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A Count Panel Data Study Of The Schumpeterian Hypothesis

  • James J. Jozefowicz

This study estimates the patent-R&D relationship using count panel data. The data is an original panel of 318 firms making R&D investments and applying for patents during the period from 1984 to 1993. A negative binomial model with fixed effects is estimated, taking into account both the discrete nature of the count dependent variable and firm-specific unobserved heterogeneity as well as overdispersion in the data. Firm-level R&D capital, concentration ratios, and various firm size proxies are used as independent variables. Analysis of the data fails to reveal support for the basic tenets of the Schumpeterian Hypothesis. In particular, firm size has a significant negative impact on innovation while industry concentration is statistically insignificant.

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Article provided by New York State Economics Association (NYSEA) in its journal New York Economic Review.

Volume (Year): 34 (2003)
Issue (Month): 1 ()
Pages: 21-37

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Handle: RePEc:nye:nyervw:v:34:y:2003:i:1:p:21-37
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  1. Bruno Crepon & Emmanuel Duguet & Jacques Mairesse, 1998. "Research, Innovation, and Productivity: An Econometric Analysis at the Firm Level," NBER Working Papers 6696, National Bureau of Economic Research, Inc.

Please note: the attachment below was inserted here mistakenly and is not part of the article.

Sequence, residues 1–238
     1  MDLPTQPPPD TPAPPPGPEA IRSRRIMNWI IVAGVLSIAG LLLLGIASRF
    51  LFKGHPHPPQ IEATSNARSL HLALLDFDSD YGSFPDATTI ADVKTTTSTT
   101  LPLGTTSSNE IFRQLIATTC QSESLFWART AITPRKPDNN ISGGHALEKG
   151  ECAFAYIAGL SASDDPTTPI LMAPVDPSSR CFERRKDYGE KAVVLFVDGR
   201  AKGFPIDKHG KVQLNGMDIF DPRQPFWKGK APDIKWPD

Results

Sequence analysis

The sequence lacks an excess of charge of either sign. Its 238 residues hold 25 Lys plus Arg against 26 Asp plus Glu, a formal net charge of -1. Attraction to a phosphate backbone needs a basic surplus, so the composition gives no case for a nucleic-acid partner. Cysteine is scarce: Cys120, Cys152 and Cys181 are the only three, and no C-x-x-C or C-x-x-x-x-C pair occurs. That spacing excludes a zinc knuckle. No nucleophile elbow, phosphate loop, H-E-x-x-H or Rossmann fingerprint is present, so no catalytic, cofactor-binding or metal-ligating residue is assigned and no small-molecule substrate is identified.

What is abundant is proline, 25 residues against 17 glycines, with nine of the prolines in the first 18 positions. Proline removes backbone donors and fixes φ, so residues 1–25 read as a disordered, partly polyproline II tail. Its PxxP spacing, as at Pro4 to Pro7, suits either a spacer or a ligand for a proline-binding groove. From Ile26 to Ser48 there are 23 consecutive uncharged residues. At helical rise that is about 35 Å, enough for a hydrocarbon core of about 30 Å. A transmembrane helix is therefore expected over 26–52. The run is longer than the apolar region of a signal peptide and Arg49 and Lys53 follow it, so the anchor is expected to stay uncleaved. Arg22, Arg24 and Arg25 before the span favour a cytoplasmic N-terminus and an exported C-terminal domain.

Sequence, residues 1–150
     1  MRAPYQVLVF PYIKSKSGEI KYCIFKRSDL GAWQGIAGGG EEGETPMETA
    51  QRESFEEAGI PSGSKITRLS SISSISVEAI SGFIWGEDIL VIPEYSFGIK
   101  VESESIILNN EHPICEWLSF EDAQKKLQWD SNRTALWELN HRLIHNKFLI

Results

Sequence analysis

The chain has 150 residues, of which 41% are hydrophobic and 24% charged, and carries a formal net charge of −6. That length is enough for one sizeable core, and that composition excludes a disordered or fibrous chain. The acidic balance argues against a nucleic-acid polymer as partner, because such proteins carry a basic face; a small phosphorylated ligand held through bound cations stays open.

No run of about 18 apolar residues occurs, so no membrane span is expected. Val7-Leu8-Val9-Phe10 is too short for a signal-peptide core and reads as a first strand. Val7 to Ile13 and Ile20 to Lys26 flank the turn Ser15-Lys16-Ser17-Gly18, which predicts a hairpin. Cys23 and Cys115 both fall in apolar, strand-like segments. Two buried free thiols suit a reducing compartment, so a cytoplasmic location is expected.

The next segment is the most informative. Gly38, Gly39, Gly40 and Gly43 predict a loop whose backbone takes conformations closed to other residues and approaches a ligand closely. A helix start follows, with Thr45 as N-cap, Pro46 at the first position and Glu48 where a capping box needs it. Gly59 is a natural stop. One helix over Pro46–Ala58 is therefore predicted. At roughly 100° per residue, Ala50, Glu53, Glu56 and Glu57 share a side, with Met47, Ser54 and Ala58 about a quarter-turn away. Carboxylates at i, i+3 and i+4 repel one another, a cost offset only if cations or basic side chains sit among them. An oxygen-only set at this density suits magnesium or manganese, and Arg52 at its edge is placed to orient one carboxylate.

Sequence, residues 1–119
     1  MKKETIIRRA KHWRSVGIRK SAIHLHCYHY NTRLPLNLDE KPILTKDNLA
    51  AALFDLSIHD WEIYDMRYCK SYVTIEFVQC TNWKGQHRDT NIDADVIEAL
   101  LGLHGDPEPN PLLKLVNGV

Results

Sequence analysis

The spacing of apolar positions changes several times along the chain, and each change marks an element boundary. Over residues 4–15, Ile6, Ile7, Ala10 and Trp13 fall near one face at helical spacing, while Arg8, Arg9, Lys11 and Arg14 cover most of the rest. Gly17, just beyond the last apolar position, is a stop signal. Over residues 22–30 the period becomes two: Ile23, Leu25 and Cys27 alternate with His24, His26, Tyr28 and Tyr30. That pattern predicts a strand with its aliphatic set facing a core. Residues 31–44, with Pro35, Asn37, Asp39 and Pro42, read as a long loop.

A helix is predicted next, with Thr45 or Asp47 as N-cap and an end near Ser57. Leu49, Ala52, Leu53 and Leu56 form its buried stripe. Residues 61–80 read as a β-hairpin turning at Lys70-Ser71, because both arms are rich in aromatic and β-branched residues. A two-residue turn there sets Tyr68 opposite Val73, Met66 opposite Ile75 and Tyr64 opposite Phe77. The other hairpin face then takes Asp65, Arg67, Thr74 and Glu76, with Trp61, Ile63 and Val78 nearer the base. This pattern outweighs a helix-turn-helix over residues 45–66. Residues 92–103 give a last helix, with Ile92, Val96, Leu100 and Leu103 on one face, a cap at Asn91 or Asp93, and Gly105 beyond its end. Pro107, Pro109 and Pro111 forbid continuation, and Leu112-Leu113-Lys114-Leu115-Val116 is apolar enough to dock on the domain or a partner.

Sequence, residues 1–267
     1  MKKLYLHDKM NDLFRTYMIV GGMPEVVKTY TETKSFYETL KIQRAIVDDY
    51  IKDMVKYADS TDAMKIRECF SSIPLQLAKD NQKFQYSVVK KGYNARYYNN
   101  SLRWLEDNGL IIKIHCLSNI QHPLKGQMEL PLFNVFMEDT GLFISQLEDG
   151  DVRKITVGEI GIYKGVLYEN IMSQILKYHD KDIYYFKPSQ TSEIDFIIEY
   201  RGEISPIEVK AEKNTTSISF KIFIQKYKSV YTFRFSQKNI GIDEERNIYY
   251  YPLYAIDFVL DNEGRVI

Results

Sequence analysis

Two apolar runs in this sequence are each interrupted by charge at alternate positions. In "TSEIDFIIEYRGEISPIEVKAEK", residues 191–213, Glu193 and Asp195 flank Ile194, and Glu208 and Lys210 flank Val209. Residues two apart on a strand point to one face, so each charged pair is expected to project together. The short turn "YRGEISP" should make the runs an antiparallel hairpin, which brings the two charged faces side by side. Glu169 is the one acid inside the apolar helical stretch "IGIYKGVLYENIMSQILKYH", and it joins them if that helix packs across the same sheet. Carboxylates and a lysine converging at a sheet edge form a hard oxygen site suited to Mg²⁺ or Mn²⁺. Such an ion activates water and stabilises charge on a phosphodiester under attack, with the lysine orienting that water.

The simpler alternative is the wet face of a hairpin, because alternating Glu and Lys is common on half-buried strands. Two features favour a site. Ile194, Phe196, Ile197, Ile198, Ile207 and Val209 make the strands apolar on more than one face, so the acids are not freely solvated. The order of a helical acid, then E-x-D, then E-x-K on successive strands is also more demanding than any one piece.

2. Richard Blundell & Rachel Griffith & Frank Windmeijer, 1999. "Individual effects and dynamics in count data models," IFS Working Papers W99/03, Institute for Fiscal Studies.
  3. Crepon, B. & Duguet, E., 1995. "Research and Development, Competition and Innovation; Pseudo Maximum Likelihood and Simulated Maximum Likelihood Methods Applied to Count Data Models with Heterogeneity," Papiers d'Economie Mathématique et Applications 95.08, Université Panthéon-Sorbonne (Paris 1).
  4. Licht, Georg & Zoz, Konrad, 1996. "Patents and R&D: an econometric investigation using applications for German, European and US patents by German companies," ZEW Discussion Papers 96-19, ZEW - Zentrum für Europäische Wirtschaftsforschung / Center for European Economic Research.
  5. Richard Blundell & Rachel Griffith & John Van Reenen, 1994. "Dynamic count data models of technological innovation," IFS Working Papers W94/10, Institute for Fiscal Studies.
  6. Richard Blundell & Rachel Griffith & John Van Reenen, 1993. "Knowledge stocks, persistent innovation and market dominance: evidence from a panel of British manufacturing firms," IFS Working Papers W93/19, Institute for Fiscal Studies.
  7. Emmanuel DUGUET & Isabelle KABLA, 1998. "Appropriation Strategy and the Motivations to Use the Patent System: An Econometric Analysis at the Firm Level in French Manufacturing," Annales d'Economie et de Statistique, ENSAE, issue 49-50, pages 289-327.
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